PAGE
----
Congestion has reached a new high, air pollution is already at a worrying level, and our roads are becoming less safe.  More needs to be done to make public transport an attractive option, and to promote walking and cycling.

Labour will:

  • Lobby government, Network Rail and train companies for  increased capacity on trains serving Dorset and increased reliability including dealing with  disruption caused by flooding
  • Demand increased financial support for essential but “uneconomic” bus and train routes as well as securing lines like the one between Swanage and Wareham
  • Reduce traffic speeds to improve safety, reduce emissions and noise
  • Seek funding to deal with the backlog of road and footway maintenance to improve safety for all road users
  • Work with all organisations to improve transport planning throughout Dorset
  • Make it a priority to secure effective park and ride schemes
  • Our aim is to reduce congestion and pollution by developing and improving walking and cycling routes. Far too little is being done to facilitate alternatives to using private motor vehicles.
  • Improve bus services not just in urban centres, but also across the whole County ensuring that rural communities do not become isolated and that fares are affordable.
  1. Caring for our Environment

Our historic market and coastal towns, and our varied countryside are all beyond price.  Labour will not put our environment at risk and we will work harder and smarter to use renewable energy and fuel efficiency. Labour will resist all attempts to introduce fracking and seek to make our county ‘Frack-Free Dorset’.

Labour will campaign for environmentally sustainable policies at all levels and to promote biodiversity within our natural environment.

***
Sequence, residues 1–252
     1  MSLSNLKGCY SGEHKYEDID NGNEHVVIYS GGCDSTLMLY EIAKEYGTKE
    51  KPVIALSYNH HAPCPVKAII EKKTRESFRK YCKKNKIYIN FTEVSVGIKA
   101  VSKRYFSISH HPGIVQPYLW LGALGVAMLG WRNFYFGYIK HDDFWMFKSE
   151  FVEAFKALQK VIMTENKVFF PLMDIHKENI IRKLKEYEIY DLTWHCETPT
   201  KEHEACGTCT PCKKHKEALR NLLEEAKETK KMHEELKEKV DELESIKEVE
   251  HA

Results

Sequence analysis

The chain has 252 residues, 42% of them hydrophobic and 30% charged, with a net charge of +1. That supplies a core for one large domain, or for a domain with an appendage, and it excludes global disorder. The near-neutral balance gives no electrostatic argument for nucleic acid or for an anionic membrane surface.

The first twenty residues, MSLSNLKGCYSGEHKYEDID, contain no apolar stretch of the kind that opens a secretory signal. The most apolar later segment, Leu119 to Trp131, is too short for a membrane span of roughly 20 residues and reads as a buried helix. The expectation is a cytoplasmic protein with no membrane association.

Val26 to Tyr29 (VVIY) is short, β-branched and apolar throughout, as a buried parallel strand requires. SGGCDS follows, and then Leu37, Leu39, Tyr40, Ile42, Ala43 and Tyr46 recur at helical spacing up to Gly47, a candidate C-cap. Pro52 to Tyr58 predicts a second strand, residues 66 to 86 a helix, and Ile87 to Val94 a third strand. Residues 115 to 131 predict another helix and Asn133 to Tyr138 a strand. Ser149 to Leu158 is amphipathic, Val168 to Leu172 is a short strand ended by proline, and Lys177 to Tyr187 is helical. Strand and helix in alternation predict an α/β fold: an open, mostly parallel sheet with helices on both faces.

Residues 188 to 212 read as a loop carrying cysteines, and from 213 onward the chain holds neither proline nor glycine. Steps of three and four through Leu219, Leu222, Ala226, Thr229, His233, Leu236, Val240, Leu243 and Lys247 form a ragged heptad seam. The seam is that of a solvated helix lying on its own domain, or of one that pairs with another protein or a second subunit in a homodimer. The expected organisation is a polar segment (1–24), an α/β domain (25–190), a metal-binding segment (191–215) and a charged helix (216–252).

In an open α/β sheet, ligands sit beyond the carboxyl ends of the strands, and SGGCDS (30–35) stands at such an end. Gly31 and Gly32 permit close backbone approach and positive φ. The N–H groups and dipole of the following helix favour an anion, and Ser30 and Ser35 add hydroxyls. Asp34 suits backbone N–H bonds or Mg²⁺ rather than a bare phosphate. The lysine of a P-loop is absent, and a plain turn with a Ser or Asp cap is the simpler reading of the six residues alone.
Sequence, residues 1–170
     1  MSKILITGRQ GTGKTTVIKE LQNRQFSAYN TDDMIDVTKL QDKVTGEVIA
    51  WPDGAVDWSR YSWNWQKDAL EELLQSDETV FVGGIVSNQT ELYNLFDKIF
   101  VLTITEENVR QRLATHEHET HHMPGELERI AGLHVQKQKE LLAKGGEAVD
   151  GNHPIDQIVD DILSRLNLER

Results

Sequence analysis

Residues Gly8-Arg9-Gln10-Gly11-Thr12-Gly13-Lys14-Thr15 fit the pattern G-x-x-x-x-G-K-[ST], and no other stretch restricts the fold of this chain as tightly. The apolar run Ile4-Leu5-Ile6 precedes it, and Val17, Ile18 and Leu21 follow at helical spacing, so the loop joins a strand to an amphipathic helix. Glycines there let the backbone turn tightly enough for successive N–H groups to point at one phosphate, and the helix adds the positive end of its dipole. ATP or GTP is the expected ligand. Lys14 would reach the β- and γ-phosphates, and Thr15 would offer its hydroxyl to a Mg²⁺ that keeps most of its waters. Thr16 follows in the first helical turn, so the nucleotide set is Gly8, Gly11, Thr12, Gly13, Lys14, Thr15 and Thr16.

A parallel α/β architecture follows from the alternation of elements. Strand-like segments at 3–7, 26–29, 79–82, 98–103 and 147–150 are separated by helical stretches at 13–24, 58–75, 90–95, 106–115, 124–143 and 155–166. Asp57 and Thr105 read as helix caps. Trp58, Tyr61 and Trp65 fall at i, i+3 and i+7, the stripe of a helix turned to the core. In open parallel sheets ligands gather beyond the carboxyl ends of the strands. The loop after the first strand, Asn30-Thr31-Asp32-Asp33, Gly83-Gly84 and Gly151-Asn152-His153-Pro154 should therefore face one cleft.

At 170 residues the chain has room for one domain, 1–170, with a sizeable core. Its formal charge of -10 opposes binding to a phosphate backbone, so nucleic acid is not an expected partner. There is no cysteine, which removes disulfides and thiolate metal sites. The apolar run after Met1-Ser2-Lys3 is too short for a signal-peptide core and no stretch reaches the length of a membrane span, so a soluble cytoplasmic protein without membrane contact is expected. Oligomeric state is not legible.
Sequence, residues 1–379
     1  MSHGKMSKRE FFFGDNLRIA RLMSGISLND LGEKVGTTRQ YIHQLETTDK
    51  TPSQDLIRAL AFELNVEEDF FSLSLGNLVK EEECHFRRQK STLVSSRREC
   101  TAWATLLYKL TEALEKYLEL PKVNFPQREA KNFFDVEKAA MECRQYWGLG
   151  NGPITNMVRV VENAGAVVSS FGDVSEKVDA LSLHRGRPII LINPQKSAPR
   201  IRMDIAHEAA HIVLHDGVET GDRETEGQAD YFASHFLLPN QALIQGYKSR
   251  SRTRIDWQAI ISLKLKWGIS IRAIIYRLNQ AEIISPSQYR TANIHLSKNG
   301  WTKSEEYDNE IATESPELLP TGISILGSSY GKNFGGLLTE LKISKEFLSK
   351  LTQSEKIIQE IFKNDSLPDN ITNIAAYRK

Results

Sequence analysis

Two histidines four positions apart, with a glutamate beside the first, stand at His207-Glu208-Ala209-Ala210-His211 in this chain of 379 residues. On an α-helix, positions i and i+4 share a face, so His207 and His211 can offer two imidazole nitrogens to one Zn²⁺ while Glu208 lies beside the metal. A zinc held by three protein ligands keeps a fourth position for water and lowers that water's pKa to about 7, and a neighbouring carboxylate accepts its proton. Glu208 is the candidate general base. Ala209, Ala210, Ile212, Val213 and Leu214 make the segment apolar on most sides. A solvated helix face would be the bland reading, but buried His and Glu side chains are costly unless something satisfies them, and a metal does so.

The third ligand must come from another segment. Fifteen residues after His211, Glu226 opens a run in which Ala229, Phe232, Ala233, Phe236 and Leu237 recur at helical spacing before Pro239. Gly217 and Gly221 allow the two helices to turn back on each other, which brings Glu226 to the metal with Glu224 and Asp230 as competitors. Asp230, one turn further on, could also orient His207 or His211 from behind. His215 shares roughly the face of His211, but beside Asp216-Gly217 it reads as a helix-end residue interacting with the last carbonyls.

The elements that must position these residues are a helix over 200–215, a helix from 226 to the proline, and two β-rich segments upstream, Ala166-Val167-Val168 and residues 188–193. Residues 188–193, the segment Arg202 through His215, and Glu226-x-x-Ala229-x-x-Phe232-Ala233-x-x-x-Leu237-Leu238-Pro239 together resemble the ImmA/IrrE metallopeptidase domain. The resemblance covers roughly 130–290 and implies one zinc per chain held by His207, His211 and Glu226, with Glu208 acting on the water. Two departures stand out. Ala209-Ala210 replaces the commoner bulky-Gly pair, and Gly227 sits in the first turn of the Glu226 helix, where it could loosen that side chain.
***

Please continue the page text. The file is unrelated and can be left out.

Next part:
We will:

  • Introduce carbon budgeting with the environmental impact of every decision being addressed
  • Support renewable energy initiatives using wind, biomass, and water, across the county, encouraging community ownership, and community and co-operative energy procurement to reduce household costs
  • Develop policies to reduce litter and fly-tipping and establish local resource recovery parks which re-use and repair waste material and create green jobs
  • Use waste to create energy and to make re-usable products that benefit our community
  • We will ensure that all public footpaths and rights of way are kept open and create an improved network of cycle-ways to enable more sustainable travel around the county.
  • We will place great emphasis on protecting our rich heritage of buildings in town and village communities.
  1. Keeping Dorset Safe

 Labour supports community policing and we will continue to oppose Tory cuts to the number of police stations, police officers and PCSOs in Dorset. While the Tories continue to cut local Police on the beat, Labour will continue to invest in more CCTV and other crime prevention initiatives.

Labour will work to ensure that the Police and Crime Commissioner is held to account regarding the priorities for Policing and Community Safety. The aim is to reinforce mutual trust and confidence between the police, the public and the many other services and voluntary organisations that deliver public safety.